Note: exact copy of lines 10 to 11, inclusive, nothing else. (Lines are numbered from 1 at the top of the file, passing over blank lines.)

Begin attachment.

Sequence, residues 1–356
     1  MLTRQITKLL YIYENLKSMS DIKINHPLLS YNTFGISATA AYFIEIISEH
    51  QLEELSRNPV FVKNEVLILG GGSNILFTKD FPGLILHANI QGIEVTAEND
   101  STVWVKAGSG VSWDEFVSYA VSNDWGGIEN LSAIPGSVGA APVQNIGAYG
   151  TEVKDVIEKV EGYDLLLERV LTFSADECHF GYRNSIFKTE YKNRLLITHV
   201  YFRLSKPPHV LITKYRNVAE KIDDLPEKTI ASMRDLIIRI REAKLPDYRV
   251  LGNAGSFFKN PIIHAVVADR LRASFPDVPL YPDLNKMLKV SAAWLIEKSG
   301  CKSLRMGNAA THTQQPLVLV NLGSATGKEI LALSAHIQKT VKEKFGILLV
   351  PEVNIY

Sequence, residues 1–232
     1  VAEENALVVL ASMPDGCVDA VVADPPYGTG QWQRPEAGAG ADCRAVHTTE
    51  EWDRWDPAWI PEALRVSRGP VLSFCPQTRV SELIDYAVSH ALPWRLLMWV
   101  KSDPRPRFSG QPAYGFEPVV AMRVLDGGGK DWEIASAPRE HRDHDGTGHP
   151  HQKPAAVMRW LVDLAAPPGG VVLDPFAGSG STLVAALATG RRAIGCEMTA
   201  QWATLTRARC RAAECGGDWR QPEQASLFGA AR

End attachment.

Sequence, residues 1–232
     1  VAEENALVVL ASMPDGCVDA VVADPPYGTG QWQRPEAGAG ADCRAVHTTE